First insight of exogenous addition of proline and glycinebetaine to mitigate fluorine toxicity effects on common bean seedlings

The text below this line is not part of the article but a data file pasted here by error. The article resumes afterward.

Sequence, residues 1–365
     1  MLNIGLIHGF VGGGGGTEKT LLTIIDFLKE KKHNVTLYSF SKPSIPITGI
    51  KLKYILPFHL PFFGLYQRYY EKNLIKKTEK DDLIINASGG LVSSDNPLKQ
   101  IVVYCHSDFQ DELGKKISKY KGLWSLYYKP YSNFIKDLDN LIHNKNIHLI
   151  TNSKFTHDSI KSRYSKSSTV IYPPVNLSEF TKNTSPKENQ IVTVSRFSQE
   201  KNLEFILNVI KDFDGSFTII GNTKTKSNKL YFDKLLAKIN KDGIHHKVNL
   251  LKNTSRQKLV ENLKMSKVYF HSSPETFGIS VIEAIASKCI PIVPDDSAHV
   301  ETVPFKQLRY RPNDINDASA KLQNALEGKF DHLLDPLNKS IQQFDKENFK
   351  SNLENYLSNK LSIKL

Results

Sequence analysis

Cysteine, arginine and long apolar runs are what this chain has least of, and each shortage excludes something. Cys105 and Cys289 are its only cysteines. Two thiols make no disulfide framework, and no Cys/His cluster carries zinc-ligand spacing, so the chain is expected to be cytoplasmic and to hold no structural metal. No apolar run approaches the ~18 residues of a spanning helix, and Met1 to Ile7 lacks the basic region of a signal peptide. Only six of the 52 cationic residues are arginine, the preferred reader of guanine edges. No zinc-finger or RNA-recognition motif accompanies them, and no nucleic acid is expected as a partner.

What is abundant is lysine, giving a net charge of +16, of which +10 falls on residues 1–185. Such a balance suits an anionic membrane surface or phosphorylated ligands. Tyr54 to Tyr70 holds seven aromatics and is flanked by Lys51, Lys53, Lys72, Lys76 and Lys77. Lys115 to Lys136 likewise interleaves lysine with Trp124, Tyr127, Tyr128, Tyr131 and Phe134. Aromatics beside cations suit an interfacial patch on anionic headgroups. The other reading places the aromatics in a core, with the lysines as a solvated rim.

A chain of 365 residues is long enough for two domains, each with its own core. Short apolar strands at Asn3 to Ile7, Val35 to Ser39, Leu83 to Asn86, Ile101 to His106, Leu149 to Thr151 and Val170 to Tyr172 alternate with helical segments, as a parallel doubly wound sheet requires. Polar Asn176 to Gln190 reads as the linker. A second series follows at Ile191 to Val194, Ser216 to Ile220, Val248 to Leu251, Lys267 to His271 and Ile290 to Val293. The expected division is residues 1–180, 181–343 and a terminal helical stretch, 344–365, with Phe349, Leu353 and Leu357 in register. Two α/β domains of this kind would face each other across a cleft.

To counteract fluoride (F) stress-induced adverse effects on plants, one approach is the application of exogenous potential osmoprotectants such as proline (Pro) and glycinebetaine (GB). This experiment was carried out to evaluate the effects of exogenous application of Pro and GB on germination and growth of common bean seeds after potassium fluoride (KF) and sodium fluoride (NaF) exposure. The study was replicated under two different temperatures: the normal temperature required for seeds growth (20°C) and a higher (25°C) favorable for bean cultivation in Africa, the region most polluted with F. The results indicated that the beneficial effects of external supply of Pro and GB varied depending on temperature and the source of salt stress. NaF showed a more toxic effect than KF on growth of Phaseolus vulgaris seeds. Overall, Pro was more effective than GB to alleviate the undesirable effect of salt stress on morphological attributes under NaF stress (improving by 50% and 39% the length and the number of lateral roots), and especially at higher temperature the recovery role of Pro and GB was more relevant reaching the same value found under control conditions for the length of hypocotyl (3.28 cm).
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